Gas Technician: Employment Info & Requirements

See what it takes to become a gas technician and find out what your job responsibilities would be. Learn about the career prospects and salary potential to see if being a gas technician is the right decision for you.

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Career Definition for a Gas Technician

Gas technicians work in commercial establishments, industrial buildings, and residences to install, service, maintain, troubleshoot, and repair gas systems and appliances. The systems and appliances that gas technicians typically work on include boilers, ovens, central heating systems, gas fires, water heaters, shower units, and so on. Common duties of a gas technician include installing and connecting appliances to gas, water, and electrical supplies, performing maintenance checks on systems, testing safety devices and controls, identifying gas leaks, replacing or repairing parts, and recording details of repairs.

Education High school diploma or GED required, apprenticeships and technical programs available
Job Skills Math and mechanical skills, communication, writing and speaking
Median Salary (2015)* $36,200 (for Home Appliance Repair)
$36,630 (for General Maintenance and Repair)
$49,690 (for Industrial Machinery Mechanics)
Job Growth (2014-2024)* -3% (for Home Appliance Repair)
6% (for General Maintenance and Repair)
18% (for Industrial Machinery Mechanics)

Source: *U.S. Bureau of Labor Statistics

Education Requirements

The educational requirements to work as a gas technician vary by employer and with the exact duties of the role; typically, you'll need at least a high school diploma or the GED equivalent. Many jobs offer on-the-job training or apprenticeship; training in a one- or two-year program from a technical college or vocational school will increase your competitiveness in the field of gas technology. Courses that will help prepare you for a career as a gas technician include appliance installation and repair, refrigeration and air conditioning, electrical theory, gas fundamentals, and occupational math.

Skills Required

Basic math and mechanical skills are required for a career as a gas technician. An ability to communicate, both with customers and co-workers, will also be helpful for a career in gas technology. In addition, strong English reading, writing, and speaking abilities are important.

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Employment and Economic Outlook

Because gas technicians perform a variety of repair work, the employment of gas technicians from 2014-2024 is expected to increase at varying rates. The employment of home appliance repairers is projected to shrink by 3%, general maintenance and repair workers could see opportunities increase by 6%, and industrial machinery mechanics are expected to enjoy employment growth of 18%, according to data from the U.S. Bureau of Labor Statistics (BLS). Median annual wages for these positions were $36,200 for home appliance repairers, $36,630 for general maintenance and repair workers and $49,690 for industrial machinery mechanics as of May 2015, according to the BLS.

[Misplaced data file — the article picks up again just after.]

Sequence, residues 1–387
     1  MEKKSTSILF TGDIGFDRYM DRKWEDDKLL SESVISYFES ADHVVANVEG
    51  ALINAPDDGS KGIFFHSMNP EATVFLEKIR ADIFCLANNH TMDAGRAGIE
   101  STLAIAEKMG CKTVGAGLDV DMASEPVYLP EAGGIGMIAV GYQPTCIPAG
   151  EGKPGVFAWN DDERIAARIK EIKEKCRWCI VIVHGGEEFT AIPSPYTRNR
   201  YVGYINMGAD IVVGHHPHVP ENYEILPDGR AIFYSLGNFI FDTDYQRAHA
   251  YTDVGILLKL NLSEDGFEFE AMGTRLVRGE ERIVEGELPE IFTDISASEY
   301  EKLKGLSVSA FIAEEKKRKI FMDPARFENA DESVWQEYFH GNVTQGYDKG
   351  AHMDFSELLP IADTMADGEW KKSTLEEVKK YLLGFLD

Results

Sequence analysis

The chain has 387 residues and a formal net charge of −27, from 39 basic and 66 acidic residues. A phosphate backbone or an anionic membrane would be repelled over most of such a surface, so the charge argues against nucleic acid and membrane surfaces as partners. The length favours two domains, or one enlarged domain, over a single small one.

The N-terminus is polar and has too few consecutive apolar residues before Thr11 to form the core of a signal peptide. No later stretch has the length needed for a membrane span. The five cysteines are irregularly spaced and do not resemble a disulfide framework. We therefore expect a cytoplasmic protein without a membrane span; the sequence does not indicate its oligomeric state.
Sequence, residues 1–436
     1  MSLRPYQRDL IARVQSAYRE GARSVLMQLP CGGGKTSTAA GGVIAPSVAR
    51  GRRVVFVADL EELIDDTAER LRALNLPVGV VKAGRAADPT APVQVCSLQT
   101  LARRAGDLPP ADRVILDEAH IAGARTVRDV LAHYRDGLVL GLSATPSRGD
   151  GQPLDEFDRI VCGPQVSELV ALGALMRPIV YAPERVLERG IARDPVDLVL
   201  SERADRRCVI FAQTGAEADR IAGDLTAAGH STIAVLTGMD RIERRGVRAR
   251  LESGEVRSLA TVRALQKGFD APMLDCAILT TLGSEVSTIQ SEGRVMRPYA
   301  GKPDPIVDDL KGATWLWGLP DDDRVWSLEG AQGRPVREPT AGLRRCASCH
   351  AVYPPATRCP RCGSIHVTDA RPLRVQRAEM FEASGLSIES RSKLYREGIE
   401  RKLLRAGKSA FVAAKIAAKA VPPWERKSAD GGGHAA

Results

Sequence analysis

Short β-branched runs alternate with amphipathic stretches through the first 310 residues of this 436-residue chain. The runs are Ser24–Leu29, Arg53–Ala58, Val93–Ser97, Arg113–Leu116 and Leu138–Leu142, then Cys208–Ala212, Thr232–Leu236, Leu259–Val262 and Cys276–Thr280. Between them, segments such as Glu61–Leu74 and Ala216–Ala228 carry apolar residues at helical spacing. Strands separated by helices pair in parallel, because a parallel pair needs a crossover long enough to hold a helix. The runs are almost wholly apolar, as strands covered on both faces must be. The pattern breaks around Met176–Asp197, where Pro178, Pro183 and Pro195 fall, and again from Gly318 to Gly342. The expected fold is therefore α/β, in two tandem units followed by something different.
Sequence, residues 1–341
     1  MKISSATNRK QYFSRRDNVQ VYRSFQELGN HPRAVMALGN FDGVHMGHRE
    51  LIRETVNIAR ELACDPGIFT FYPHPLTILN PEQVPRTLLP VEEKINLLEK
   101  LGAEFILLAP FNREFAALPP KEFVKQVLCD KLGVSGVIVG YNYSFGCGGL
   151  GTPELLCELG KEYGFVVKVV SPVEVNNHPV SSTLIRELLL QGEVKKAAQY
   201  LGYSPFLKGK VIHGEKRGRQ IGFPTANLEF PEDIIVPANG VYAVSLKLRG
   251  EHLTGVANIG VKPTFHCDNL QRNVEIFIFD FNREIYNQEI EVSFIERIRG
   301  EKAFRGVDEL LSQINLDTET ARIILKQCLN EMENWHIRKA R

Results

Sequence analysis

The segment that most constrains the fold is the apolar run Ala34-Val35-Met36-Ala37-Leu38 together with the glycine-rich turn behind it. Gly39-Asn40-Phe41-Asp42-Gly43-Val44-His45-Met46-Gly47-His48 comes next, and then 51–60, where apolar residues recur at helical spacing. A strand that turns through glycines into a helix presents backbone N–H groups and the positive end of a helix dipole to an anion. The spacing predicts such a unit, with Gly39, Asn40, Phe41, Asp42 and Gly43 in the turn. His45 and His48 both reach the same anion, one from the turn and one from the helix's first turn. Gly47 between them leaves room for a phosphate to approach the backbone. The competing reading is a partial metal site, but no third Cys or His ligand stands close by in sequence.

Alternative Career Options

You could also choose from these careers in installation and repair:

Heating, Air Conditioning, and Refrigeration Mechanic and Installer

Workers in this occupation install, inspect, troubleshoot, and repair heating, cooling, refrigeration, and ventilation systems for residential or commercial customers. Certificate and associate's degree programs are offered in this field; on-the-job training and apprenticeships are also sometimes ways to break into the field. State and local licensing requirements may apply, and some heating, air conditioning, and refrigeration mechanics and installers need to have Environmental Protection Agency certification to handle refrigerants. This career field offers 14% job growth from 2014-2024, as predicted by the BLS. The agency also reports that this occupation paid a median salary of $45,110 in 2015.

Electrical and Electronics Installer and Repairer

Electrical and electronics installers and repairers are responsible for the installation, maintenance, and repair of electronic equipment for a variety of purposes, using specialized diagnostic tools and common hand tools to get the job done. For example, they may work on transportation equipment, like sonar or navigational tools. Some relevant post-secondary education is typically required for employment; on-the-job training also takes place for new hires. Professional certification is also available. The BLS reports that electrical and electronics installers and repairers can expect job decline of 4% from 2014-2024. Pay can vary slightly by area of specialization; for example, the BLS reported that those who worked in transportation earned median pay of $58,990, while those who worked on commercial or industrial equipment earned $55,690.

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